This just got real

There we sat three days before Thanksgiving, a huge sign in our front yard, announcing to the world the house we are living in is for sale and we’re looking to get out of dodge.

It’s a surreal feeling, sleeping in a house that one day soon may no longer be yours. You lay awake thinking of the memories made within those walls and how the building meant something to you but might not mean anything to anyone else and wondering if you will be okay with people scoffing at the way you didn’t keep up with maintaining your house the way you might should have.

You wish you’d painted the bathroom wall before the real estate agent came in, cellphone in hand to upload photos to the internet of where you lived for the past 16 years and where you still live, for the entire neighborhood to judge you by.

Someone we know recently put their house up for sale sale and because the person no longer speaks to us, an acquaintance thought it was okay to tell us “a friend went to the open house and said the house looks so bad inside. It’s sad.” The house doesn’t look bad inside. I’ve seen the photos and been in there, though not in a long time.

It’s amazing how lives get picked over based on the condition of a building and how judgments are made based on ripped wallpaper in a kitchen.

Money was something we had years ago so we added a new roof and a fence and new, laminate floors then. But since then we haven’t painted inside or scrubbed the heckola out of the tub like we should have. Now we are left with self-imposed guilt and maybe a little personal disgust at ourselves for not being on top of such things.

But . . . life happens.

Chronic illness sets in, stress happens, friendships are lost, family members pass away and eventually you don’t notice the flaws in the house because you stare at it every day and it’s just your house, so much less important than the gnawing worry in your gut that you’re somehow ruining your children or will never have real, meaningful friendships again.

So here we sit in this house, a sign in our front yard, photos live online and the soul of the house left open for others to judge and shake their heads at. It feels almost cruel, leaving what has sheltered us – our children and our pets for so long behind but yet we hope that when we do some other family will come and find within its walls the same comfort, the same shelter, the same memories to be made.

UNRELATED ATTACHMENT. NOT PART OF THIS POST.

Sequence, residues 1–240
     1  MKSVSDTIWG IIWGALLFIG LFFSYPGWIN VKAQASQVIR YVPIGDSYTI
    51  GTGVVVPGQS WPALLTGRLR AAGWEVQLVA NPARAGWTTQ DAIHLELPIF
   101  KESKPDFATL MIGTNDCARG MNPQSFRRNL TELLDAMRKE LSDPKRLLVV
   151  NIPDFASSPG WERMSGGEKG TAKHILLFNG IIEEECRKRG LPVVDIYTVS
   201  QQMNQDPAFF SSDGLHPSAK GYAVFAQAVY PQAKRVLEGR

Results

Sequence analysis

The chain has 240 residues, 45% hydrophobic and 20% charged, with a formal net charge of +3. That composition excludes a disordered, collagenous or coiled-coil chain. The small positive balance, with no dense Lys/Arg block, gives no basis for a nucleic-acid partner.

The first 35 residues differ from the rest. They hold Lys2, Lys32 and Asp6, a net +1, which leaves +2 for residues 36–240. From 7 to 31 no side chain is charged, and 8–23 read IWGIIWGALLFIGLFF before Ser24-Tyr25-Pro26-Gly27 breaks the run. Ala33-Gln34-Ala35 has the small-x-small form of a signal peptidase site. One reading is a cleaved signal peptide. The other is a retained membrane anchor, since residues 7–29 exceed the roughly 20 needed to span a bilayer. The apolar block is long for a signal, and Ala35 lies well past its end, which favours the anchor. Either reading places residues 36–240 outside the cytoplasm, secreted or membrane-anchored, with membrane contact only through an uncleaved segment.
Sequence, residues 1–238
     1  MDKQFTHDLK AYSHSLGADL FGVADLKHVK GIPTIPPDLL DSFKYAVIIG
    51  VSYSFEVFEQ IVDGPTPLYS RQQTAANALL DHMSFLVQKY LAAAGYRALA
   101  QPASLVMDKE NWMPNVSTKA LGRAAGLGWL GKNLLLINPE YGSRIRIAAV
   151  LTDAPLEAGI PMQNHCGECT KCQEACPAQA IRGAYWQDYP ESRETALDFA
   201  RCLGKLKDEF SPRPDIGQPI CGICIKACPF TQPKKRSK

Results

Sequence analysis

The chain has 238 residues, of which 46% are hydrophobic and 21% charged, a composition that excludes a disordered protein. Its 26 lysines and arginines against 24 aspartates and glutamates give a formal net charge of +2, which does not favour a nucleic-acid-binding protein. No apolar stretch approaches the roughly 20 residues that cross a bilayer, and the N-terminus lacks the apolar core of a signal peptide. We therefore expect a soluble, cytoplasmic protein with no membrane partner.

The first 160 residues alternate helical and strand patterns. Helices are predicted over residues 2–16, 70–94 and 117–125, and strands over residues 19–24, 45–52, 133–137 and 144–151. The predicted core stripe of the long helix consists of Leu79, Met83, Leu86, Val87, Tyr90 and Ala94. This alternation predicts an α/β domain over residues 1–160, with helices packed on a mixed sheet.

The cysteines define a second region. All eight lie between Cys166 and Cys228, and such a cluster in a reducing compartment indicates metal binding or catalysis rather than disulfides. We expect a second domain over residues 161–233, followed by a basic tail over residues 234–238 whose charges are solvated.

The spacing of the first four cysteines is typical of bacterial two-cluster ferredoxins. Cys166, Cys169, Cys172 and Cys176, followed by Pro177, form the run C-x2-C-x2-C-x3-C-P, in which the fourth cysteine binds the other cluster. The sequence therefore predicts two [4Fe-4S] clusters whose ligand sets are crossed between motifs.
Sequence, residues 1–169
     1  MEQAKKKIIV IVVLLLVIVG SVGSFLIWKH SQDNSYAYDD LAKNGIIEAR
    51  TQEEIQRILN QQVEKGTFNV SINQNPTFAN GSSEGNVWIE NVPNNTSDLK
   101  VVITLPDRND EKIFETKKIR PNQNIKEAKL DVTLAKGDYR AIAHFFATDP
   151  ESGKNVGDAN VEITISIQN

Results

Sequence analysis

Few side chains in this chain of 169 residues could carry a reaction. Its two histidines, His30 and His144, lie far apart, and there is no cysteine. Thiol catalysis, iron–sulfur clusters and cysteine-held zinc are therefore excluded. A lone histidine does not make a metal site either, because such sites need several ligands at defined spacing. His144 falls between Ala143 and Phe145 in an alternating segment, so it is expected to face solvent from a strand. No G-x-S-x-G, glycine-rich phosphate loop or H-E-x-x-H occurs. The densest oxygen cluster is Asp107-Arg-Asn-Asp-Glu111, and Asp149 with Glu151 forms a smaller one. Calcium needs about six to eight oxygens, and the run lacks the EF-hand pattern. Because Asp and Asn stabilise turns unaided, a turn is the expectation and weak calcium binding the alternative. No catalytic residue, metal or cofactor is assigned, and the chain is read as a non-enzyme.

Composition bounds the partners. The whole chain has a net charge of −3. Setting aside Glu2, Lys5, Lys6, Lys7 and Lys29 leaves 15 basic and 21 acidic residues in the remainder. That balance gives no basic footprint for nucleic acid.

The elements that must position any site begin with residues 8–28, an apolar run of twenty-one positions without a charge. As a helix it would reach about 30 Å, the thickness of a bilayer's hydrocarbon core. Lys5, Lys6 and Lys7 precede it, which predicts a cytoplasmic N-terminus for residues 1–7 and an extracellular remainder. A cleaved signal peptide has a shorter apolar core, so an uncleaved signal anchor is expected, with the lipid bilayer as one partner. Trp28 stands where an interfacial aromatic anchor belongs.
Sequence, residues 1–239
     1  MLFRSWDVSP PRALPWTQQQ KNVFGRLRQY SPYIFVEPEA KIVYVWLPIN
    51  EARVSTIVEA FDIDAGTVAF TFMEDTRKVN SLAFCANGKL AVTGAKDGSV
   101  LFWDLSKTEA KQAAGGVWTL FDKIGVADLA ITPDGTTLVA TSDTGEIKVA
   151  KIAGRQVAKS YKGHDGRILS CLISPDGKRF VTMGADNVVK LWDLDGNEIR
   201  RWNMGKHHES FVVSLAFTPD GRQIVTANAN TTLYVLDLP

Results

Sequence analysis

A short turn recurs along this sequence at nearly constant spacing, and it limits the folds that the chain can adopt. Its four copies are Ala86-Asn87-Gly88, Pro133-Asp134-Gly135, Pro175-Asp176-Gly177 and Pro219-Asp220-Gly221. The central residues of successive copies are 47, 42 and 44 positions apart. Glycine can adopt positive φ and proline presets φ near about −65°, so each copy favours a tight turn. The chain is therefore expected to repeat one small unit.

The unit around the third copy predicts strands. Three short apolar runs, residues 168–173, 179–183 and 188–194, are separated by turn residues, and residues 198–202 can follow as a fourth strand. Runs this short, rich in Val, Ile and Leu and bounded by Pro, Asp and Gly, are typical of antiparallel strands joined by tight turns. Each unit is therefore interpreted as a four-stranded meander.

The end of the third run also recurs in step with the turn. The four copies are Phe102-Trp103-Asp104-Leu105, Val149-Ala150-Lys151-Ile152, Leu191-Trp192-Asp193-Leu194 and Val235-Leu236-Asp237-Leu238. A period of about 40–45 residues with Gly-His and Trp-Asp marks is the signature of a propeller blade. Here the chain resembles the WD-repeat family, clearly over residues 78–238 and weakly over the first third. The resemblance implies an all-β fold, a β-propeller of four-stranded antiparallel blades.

Maybe it will all come full circle – a young couple standing on the porch, like my husband and I did so long ago, unsure what the future would hold but hoping for the best. And maybe a baby will be added like it was for us and life will really begin and then one day, they’ll know that it’s time to move on — more space needed, a new job started — and step away like we did, only to start the cycle all over again when the house wraps its arms around another family.

Written by Lisa R. Howeler

As a writer, photographer and former journalist, Lisa R. Howeler writes a little bit about everything on her blog Boondock Ramblings. She self-published her first novel, A Story to Tell, in September 2019 on Amazon. She's a wife and a mother and enjoys a good John Wayne movie and a cozy Jan Karon book. She's also a freelance writer and photographer who is a contributor to various stock agencies, including Lightstock and Alamy. Her photography work focuses on documentary and photojournalism.

4 comments

    1. Ours needed some work when we first bought it and I’m glad we had some money at one time to do it- especially the new roof and the fence for the dog we had at the time. I would love to see someone fix it up nice and do some work to it, totally redo it even.

      Liked by 1 person

  1. Beautifully put, and I feel like I understand exactly where you are coming from. My mom sold her house two years ago, the house that I grew up in. I hadn’t lived there in years but I still stood within its tiny walls, and thought of all the memories I had there. The three of us, my mom, brother and I, the life we shared together. And the house was far from perfect, she was a single mom without much time or money and the house reflected that – but none of that mattered. The same as you said – the house sometimes seems the least of your worries, and “eventually you don’t notice the flaws in the house because you stare at it every day and it’s just your house..” So very true. And the family will come along that will look at that house and not notice the “flaws” either, because it will be perfect for them too. 🙂 Great post Lisa.

    Liked by 1 person

    1. Thank you, Erin. I wasn’t sure anyone would quite get what I meant. My parents just sold the house I grew up in too. It had been rented a couple of times and I didn’t go over before they sold it. I saw it when one of the tenants trashed it and that was hard enough. The house had been in our family for over 100 years and part of me wished my family could have moved there but it’s old, very old, and I knew it was more than we could keep up with. It was hard to let it go but it was the people inside that made it more a home anyhow.

      Liked by 1 person

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